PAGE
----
- The Washington Times - Wednesday, December 16, 2015

Cyber squads administered by the National Guard are now scheduled to be operating in 23 states across the country by 2020 as the Defense Department ramps-up its efforts to protect military and government computer networks inside America’s borders.

The National Guard said last week it plans to activate 13 new cyber units by the end of fiscal year 2019 while further plans are drawn up to ensure that personnel are eventually in place from coast-to-coast to promptly respond to any potential computer incidents or intrusions.

Seven new Army Guard Cyber Protection Teams, or CPTs, will be activated over four years across Alabama, Arkansas, Colorado, Illinois, Kentucky, Louisiana, Minnesota, Mississippi, Missouri, Nebraska, New Jersey, New York, North Dakota, South Dakota, Tennessee, Texas, Utah and Wisconsin, the National Guard said.

The Air Guard, in partnership with the Air Force, will activate an additional four new Cyber Operations Squadrons in Idaho, Michigan, Texas and Virginia.

In tandem with previously announced teams in California, Georgia, Indiana, Maryland, Michigan and Ohio, the cyber squads will be trained to tackle computer problems on government and Defense Department networks at the drop of a hat before any issues have to be escalated further.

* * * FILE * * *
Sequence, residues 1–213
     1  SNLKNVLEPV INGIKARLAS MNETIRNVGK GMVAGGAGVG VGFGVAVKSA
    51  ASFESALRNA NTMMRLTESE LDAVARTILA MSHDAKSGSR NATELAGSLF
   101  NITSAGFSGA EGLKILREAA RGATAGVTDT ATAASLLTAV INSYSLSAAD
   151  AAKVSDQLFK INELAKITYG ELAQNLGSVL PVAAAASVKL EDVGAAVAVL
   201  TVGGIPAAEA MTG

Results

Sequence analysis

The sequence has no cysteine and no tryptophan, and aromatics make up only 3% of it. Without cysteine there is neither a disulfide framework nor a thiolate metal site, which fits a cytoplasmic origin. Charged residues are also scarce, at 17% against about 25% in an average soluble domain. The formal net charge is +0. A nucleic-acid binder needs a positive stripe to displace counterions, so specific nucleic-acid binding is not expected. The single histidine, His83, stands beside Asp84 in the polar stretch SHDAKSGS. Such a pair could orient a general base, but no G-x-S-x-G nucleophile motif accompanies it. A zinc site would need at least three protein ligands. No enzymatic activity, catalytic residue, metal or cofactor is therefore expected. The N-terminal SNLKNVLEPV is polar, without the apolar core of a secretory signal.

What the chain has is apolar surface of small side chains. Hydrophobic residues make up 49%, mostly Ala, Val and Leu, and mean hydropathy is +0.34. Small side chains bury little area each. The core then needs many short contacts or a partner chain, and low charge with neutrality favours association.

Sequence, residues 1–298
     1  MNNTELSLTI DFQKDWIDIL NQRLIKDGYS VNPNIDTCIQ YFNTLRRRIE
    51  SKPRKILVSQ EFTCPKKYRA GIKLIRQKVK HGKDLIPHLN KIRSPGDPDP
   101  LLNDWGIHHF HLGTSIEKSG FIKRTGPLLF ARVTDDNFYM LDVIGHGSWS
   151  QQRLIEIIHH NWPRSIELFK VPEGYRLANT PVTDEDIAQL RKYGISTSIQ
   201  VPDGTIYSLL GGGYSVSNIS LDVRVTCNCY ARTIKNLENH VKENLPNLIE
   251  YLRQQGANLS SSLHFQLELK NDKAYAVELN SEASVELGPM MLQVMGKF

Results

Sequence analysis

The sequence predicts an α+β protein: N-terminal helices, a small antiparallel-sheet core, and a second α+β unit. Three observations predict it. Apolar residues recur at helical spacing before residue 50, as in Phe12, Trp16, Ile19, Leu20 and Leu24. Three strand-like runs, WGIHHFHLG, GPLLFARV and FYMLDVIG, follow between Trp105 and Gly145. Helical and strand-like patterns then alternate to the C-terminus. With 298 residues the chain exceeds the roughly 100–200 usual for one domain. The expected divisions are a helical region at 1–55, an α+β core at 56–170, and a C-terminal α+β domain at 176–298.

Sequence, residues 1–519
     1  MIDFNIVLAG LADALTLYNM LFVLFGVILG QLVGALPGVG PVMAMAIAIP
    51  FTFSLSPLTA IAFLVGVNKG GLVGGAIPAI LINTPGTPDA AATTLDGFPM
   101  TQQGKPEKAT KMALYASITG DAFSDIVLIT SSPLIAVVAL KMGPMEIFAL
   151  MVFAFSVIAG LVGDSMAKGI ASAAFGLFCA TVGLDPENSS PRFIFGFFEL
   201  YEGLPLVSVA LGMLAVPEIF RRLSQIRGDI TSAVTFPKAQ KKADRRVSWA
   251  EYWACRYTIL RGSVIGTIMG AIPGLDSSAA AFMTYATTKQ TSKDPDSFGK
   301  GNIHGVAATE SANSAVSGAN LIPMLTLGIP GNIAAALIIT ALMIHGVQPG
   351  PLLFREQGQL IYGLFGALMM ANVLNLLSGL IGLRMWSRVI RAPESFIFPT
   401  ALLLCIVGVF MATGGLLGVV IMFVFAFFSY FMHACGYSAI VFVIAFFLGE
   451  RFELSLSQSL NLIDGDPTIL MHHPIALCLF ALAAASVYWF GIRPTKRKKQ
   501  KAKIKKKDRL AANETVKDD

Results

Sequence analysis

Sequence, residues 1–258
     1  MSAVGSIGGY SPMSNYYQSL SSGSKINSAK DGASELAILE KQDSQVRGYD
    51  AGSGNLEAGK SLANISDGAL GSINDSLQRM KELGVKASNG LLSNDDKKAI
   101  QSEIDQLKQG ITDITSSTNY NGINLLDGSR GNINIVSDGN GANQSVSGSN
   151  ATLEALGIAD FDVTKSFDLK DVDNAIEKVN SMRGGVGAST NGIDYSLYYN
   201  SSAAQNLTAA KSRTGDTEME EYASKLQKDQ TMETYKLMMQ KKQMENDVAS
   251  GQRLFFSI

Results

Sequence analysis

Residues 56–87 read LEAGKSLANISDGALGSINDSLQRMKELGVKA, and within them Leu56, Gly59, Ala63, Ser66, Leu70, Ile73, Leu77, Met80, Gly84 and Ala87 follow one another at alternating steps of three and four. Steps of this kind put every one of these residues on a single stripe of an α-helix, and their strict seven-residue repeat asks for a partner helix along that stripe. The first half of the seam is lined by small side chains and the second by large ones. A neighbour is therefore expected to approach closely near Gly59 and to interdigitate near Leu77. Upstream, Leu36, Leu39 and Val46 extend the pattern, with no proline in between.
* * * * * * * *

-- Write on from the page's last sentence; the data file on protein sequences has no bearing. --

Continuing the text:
“Our goal for cyber defense is to train, equip and provide highly-skilled forces responsive to the needs of the nation,” Army Gen. Frank Grass, chief of the National Guard Bureau, said in a statement. “Working with the Army and Air Force, our cyber squadrons and teams will provide trained and ready Soldiers and airmen to support requirements established by the services and U.S. Cyber Command.”

Once the new squadrons are fully operational, the National Guard will have a cyber presence in each of the country’s 10 response regions that are monitored by the Federal Emergency Management Agency, or FEMA. Each CPT will be comprised of 39 Guard Soldiers, and will “carry out the National Guard’s mission of assisting in domestic emergency responses,” the agency said in a statement.

“This is the beginning,” added Air Force Col. Kelly Hughes, the chief of the Space and Cyber Warfare Operations Division at the Air National Guard Readiness Center. “This is a massive amount of force structure the Guard has laid into this mission, but this is just the first layer.”

In a cyber strategy released by the Defense Department earlier this year, Pentagon officials noted that the National Guard and other reserve components must be used as “a resource for expertise and to foster creative solutions to cybersecurity problems.”

“The Reserve Component offers a unique capability for supporting each of DoD’s missions, including for engaging the defense industrial base and the commercial sector. It represents DoD’s critical surge capacity for cyber responders,” the strategy reads in part.

Congress, meanwhile, included portions this week of a contentious cybersecurity proposal, the Cybersecurity Information Sharing Act, into an omnibus spending plan that if approved will fund the government through the next fiscal year.

Although the National Guard’s cyber teams will only work with government-affiliated networks, passage of the cyber-sharing bill would incentivize private companies to provide federal agencies with details about hack attacks in hopes of giving the government an advantage over hackers attempting to infiltrate U.S. networks.

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